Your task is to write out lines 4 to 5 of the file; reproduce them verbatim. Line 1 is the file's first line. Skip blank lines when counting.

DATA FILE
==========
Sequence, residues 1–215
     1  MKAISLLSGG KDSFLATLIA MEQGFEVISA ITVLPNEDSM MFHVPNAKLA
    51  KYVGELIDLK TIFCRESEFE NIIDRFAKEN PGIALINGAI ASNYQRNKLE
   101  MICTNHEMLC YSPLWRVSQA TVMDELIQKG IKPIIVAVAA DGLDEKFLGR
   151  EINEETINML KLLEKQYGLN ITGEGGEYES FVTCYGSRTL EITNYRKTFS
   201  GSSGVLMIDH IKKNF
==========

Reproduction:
   101  MICTNHEMLC YSPLWRVSQA TVMDELIQKG IKPIIVAVAA DGLDEKFLGR
   151  EINEETINML KLLEKQYGLN ITGEGGEYES FVTCYGSRTL EITNYRKTFS